Home basketball crowds for Norfolk State are so small, the school doesn’t list attendance on box scores.
So you can imagine what Spartans guard Pendarvis Williams and his teammates were thinking Friday. Kansas fans were chanting, “NSU, NSU” as they pulled for the small, 15th-seeded Virginia school in its 86-84 upset of No. 2-seed Missouri.
“Kansas hates Missouri,” Williams said. “OK, I get it. But, man, that was a better than a home crowd.”
The Spartans draw 100 to 200 fans in their 6,191-seat arena, he said. By Williams’ count, including cheerleaders, his parents and star Kyle O’Quinn’s parents, NSU had about 20 fans at the game.
Mizzou had its share in the crowd of 16,843 at CenturyLink Center. But KU blue joined Florida blue in cheering for the underdogs.
Although we know for Kansas fans, it wasn’t just about cheering for the underdog. It’s what KU coach Bill Self had expected.
Before the tournament, he recalled how in 2008, KU and Kansas State fans cheered for each other’s teams when both opened the tournament in Omaha but were in separate regionals.
“This was one time our league kind of bonded, and we cheered for each other, which is good,” Self said.
Actually, it wasn’t all that fuzzy and warm. No rage of jeering, but there weren’t fans clad in purple and blue hugging each other, either. If there was any cheering for the other guys, it was on the quiet side.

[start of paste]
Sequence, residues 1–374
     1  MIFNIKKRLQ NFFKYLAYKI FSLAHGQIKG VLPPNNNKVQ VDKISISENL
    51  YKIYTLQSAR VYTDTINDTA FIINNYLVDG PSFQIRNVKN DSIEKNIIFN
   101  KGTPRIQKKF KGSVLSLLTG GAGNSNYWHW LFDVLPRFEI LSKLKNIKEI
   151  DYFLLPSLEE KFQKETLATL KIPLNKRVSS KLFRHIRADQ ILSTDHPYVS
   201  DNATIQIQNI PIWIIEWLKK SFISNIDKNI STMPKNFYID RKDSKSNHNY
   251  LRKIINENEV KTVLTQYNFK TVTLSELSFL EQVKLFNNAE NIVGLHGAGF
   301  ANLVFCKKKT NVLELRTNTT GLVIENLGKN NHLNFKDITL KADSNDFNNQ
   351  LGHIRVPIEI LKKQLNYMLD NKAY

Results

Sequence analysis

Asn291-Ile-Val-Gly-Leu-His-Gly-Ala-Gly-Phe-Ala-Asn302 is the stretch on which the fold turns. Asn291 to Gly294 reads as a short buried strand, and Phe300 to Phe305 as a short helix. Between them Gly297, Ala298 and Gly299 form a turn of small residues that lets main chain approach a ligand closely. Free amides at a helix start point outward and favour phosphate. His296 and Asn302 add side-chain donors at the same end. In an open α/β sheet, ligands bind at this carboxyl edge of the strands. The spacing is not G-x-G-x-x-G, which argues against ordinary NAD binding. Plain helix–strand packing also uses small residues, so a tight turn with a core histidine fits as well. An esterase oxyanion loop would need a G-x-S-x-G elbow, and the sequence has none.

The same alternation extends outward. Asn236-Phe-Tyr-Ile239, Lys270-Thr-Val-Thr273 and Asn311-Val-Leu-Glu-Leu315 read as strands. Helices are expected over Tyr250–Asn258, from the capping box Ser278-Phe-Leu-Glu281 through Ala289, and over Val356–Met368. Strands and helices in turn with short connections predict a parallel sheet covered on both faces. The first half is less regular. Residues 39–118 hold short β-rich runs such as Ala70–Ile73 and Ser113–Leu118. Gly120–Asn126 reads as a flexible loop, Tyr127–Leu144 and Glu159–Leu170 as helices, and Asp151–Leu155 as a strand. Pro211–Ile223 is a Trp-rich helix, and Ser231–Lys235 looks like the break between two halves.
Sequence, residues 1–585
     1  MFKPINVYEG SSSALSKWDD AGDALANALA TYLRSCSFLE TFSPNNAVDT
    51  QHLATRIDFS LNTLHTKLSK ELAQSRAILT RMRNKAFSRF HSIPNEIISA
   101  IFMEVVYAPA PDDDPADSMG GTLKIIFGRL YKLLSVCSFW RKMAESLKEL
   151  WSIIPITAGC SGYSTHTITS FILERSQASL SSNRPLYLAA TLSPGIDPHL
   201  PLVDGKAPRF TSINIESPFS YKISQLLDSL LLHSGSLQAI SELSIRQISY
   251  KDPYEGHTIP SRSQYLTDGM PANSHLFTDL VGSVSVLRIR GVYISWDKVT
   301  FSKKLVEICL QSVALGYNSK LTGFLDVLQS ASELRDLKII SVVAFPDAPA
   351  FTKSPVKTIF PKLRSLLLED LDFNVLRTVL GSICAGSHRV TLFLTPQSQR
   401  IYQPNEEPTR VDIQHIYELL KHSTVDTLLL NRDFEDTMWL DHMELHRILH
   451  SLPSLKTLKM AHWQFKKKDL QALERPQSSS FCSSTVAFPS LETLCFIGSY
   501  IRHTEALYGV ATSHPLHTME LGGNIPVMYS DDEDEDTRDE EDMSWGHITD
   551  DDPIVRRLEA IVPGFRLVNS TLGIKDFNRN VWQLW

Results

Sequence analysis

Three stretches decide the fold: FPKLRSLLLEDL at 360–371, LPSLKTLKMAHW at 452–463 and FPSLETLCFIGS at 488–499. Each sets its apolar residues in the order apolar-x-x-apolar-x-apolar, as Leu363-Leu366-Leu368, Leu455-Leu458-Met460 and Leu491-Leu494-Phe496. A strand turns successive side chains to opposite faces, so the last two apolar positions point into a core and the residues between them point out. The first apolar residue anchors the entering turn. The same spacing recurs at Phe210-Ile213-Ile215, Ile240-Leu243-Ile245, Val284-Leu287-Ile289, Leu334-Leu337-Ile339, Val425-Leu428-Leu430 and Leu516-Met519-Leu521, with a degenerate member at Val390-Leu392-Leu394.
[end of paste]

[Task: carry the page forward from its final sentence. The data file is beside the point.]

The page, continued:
This year, KU and MU are both in Omaha but in different regionals.
Self figured the Easter bunny would show up for Christmas before KU fans would cheer for the SEC-bound Tigers.
“I can’t really see that happening with us in two different leagues,” he said.
Jayhawk fans delivered. And Norfolk State, a team making its first-ever NCAA Tournament appearance, was the beneficiary.
But after the game, O’Quinn put his arm around Phil Pressey after the MU guard missed a game-winning three-pointer at the buzzer.
“I don’t have anything against any Missouri player,” O’Quinn said. “They’re players just like us. It’s good to have sportsmanship.”
Norfolk State was the only Division I school to offer O’Quinn a scholarship.
“I was bad as a freshman,” he said. “Really bad.”
Another Big 12 team, Iowa State, was the last No. 2 victim. The Cyclones lost in 2001 to No. 15 Hampton, 58-57.
The other three: 1991, Richmond over Syracuse, 73-69; 1993, Steve Nash-led Santa Clara over Arizona, 64-61; and 1997, Coppin State over South Carolina, 78-65.
“They may say it’s sold out in there,” said one man who was trying, “but there are plenty of tickets. They’re selling for under face (value).”
With Mizzou losing, you can be sure there will be even more tickets available for Sunday’s games.